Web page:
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Parkinson's Disease Health Center

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Iron May Increase Risk of Parkinson's

The More Iron in Your Diet, the Higher Your Risk
By
WebMD Health News

June 9, 2003 -- With apologies to Popeye, there may be a downside to eating too much spinach. New research suggests that people who have high amounts of iron in their diets may be at increased risk of developing Parkinson's disease.

The study compared food and vitamin supplement consumption among Parkinson's patients and subjects of the same age and sex without the disease. The rate of Parkinson's disease was almost double in those with the highest intake of iron and the trace mineral manganese.

But researchers are quick to point out that the health benefits of eating iron-rich foods such as spinach and taking vitamin supplements far outweigh the potential Parkinson's disease risk.

"To put it in perspective, a person's lifetime risk of getting Parkinson's disease is about one in 1,000, so doubling that means the risk would be two in 1,000," University of Washington research scientist Karen M. Powers tells WebMD.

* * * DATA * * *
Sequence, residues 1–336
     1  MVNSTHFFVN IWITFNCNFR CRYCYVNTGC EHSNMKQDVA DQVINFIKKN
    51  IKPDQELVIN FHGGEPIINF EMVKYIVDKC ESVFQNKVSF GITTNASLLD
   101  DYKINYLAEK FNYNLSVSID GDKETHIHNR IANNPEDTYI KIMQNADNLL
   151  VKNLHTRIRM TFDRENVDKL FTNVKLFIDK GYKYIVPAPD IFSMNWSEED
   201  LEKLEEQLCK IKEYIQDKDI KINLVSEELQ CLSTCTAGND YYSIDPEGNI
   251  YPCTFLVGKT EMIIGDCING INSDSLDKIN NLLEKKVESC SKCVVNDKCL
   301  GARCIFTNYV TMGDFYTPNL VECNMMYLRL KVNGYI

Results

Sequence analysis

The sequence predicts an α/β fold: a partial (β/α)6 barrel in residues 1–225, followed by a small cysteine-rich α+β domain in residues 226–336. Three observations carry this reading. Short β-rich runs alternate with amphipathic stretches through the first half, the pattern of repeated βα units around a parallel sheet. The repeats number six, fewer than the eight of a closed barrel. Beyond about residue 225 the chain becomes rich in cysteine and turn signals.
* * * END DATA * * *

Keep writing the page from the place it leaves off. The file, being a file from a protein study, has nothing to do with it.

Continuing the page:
Powers and colleagues found that people who ate diets rich in iron and manganese and also took one or more multivitamins or iron supplements a day had almost double the Parkinson's disease risk compared to those who ate few iron-rich foods and those who took the lowest amounts of vitamin supplements. People who took the highest amounts of both minerals had the highest risk. Their findings are published in the June 10 issue of the journal Neurology.

"A multivitamin is a great addition to a healthy diet, but there were a few people in our study who took more than one vitamin or iron tablet a day on the theory that if one is good, more is better," she says. "We don't know if this contributes to Parkinson's disease, but it isn't recommended."

Parkinson's is known as a complex disease, meaning that in most people it appears to be triggered by a combination of genetic, environmental, and lifestyle factors. The impairment associated with Parkinson's disease is caused by a deficiency in dopamine, the chemical messenger in the nervous system that controls movement. In Parkinson's disease, the cells that make dopamine begin to die off.

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